NUMBER 10 confirmed today that the UK will not be taking part in an EU scheme to bulk buy ventilators and other key medical equipment to help in the fight against coronavirus as we are no longer a member of the bloc.

The Prime Minister’s spokesperson told reporters earlier that the UK would not access the initiative, stating: “We are not a member of the EU.”

The UK legally left the EU on January 31, however we are currently in a transition period until the end of the year.

SNP figures have spoken out against the decision, with MP Angus MacNeil asking if Scotland’s lack of say in the matter will “bind us mortally to Boris & Co”.

The party’s shadow foreign secretary Alyn Smith branded the move “appalling” and claimed shutting the UK out of such a scheme is “the worst they’ve done yet”.

However, Downing Street said there are currently 8000 ventilators in the NHS and 8000 more will be available in “the coming weeks”.

Responding to the plan to block the EU from the EU scheme, MacNeil asked if the Scottish Government could still enter the initiative and wrote: “Or does our lack of independence bind us mortally to Boris & Co?”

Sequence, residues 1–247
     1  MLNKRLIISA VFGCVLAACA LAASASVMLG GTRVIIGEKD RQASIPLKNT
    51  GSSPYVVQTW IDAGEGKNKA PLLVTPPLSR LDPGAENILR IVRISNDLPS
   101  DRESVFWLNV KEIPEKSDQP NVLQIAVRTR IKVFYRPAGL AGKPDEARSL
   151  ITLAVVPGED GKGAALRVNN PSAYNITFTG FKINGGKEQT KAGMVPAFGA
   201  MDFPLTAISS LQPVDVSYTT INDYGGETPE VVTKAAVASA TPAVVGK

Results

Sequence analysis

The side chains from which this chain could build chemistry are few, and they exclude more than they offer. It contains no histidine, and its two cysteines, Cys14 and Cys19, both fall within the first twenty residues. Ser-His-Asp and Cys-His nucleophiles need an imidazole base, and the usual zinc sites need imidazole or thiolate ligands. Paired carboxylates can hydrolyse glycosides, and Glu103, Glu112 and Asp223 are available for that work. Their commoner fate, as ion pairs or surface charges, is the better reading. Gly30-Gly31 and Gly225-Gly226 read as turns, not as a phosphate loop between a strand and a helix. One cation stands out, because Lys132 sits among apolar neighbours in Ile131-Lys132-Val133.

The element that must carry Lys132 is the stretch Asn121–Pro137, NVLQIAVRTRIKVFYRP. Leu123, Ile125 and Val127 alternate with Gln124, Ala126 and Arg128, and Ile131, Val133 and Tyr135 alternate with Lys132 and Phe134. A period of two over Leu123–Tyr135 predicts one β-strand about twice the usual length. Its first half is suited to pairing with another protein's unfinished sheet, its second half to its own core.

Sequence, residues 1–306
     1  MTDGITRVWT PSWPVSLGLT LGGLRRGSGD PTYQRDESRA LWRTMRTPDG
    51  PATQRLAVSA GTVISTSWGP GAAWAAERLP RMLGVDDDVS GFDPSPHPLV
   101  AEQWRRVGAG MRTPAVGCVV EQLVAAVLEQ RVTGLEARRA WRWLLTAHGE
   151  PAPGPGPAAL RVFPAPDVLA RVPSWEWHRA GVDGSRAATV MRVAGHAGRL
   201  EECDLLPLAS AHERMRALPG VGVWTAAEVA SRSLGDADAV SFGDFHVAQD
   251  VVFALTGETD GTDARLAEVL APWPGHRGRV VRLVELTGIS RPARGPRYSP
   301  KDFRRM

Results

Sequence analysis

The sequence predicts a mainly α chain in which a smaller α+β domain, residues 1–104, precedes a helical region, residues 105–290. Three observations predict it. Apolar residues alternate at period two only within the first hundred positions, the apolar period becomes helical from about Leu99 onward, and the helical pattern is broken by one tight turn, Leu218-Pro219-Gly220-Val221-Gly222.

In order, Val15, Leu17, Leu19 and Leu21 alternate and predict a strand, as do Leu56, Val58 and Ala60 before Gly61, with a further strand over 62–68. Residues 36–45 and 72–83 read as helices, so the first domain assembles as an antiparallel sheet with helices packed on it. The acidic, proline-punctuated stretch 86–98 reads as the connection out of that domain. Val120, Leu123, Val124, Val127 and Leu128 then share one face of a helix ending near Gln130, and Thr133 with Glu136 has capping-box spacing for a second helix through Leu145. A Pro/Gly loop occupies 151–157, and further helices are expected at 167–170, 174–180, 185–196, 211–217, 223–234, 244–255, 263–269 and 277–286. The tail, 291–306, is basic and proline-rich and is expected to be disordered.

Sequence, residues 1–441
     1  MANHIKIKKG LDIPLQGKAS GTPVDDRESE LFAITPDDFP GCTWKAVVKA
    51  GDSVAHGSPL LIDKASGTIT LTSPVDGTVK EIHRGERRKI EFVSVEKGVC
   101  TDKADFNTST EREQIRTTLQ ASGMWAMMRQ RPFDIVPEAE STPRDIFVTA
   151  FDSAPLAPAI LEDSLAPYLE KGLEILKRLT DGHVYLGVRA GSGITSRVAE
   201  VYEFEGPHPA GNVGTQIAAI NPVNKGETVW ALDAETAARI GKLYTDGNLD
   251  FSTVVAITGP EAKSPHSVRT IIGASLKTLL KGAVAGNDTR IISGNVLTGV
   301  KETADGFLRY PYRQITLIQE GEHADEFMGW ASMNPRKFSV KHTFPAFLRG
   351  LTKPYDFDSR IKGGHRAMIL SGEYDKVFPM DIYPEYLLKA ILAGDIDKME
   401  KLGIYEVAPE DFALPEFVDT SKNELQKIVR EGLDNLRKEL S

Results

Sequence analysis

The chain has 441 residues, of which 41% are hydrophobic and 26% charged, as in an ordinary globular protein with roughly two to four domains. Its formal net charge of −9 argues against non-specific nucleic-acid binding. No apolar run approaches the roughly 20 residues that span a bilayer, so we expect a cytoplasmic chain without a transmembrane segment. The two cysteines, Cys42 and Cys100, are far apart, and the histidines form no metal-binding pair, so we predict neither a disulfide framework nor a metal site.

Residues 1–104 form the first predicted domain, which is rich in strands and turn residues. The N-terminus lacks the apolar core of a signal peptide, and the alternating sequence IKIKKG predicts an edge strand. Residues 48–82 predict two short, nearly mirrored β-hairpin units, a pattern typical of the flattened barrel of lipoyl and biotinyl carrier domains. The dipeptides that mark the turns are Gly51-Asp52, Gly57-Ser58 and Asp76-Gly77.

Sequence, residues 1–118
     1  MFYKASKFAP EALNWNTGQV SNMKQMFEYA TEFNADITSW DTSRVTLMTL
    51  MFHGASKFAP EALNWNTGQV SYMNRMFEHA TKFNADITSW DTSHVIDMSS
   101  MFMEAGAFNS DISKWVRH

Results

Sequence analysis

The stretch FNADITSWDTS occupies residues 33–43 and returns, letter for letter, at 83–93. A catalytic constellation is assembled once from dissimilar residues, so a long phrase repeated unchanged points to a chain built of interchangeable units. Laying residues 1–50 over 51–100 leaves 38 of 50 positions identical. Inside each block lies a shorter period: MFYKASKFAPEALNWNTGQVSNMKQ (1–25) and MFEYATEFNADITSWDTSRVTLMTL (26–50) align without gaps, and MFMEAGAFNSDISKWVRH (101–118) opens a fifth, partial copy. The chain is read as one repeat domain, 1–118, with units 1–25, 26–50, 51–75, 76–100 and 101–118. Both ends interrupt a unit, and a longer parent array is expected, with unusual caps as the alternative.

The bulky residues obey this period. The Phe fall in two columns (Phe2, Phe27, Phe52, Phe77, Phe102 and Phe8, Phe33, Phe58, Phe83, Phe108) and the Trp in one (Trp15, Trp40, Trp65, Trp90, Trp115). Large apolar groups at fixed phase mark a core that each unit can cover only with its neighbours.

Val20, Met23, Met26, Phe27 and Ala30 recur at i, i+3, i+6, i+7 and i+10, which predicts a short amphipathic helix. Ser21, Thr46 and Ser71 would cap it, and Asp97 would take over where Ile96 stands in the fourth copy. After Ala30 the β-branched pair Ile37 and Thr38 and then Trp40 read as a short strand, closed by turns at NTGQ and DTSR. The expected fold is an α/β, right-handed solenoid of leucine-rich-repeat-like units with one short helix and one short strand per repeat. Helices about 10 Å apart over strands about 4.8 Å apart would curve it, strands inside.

Meanwhile, former MEP Smith wrote: “This is appalling. Ideology aside, there are numerous EU programmes to co-ordinate procurement and buy at scale the UK could be part of. The Tories shutting us out from them is the worst they’ve done yet.”

Later, Smith posted a graphic from the EU Delegation UK Twitter account demonstrating the ways the UK could be part of the EU’s response to the Covid-19 crisis.

The EU work cited included production of medical supplies, fighting against fraudulent products, research on vaccines and more.

Currently it seems the Government is keen to finish the Brexit transition period at the end of 2020 as originally planned. However, there have been calls to delay this because of the current coronavirus pandemic.